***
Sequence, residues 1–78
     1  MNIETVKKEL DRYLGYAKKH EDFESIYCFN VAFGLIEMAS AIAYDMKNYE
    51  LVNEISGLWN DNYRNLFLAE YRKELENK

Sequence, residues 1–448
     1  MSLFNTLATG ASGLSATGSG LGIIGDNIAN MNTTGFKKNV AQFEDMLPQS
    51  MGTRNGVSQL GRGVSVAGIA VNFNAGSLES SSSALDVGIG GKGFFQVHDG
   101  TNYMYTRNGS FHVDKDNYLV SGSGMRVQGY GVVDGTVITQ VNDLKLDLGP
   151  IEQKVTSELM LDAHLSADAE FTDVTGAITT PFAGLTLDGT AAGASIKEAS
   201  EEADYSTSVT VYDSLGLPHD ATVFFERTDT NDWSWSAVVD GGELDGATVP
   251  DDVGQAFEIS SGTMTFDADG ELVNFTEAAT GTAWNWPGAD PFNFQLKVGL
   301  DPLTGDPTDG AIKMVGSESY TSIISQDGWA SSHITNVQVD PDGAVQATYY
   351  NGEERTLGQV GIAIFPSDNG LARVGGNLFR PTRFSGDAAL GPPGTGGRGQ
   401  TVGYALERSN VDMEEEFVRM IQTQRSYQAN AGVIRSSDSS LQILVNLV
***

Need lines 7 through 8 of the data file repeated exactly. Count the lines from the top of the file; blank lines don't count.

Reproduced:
   101  TNYMYTRNGS FHVDKDNYLV SGSGMRVQGY GVVDGTVITQ VNDLKLDLGP
   151  IEQKVTSELM LDAHLSADAE FTDVTGAITT PFAGLTLDGT AAGASIKEAS